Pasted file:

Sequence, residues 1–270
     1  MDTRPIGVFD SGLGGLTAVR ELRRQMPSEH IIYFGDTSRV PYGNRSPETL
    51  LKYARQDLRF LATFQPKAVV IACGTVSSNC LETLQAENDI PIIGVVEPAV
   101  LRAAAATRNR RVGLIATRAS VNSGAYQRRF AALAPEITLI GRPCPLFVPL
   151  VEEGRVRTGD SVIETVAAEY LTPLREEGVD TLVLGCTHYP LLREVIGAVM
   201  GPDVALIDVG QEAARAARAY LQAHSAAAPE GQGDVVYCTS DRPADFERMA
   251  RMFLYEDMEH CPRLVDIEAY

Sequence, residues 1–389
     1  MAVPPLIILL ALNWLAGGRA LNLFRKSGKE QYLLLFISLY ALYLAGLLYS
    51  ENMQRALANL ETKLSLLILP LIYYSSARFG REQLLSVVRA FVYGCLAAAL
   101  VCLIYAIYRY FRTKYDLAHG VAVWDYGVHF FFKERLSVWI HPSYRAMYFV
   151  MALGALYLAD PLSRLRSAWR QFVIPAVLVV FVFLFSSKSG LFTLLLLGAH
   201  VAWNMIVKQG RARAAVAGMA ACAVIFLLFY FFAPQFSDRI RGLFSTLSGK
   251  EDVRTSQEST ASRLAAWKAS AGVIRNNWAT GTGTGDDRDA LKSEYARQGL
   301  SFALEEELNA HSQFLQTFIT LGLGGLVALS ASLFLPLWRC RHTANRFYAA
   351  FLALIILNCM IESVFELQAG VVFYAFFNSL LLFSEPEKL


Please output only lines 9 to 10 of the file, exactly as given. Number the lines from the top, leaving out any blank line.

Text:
     1  MAVPPLIILL ALNWLAGGRA LNLFRKSGKE QYLLLFISLY ALYLAGLLYS
    51  ENMQRALANL ETKLSLLILP LIYYSSARFG REQLLSVVRA FVYGCLAAAL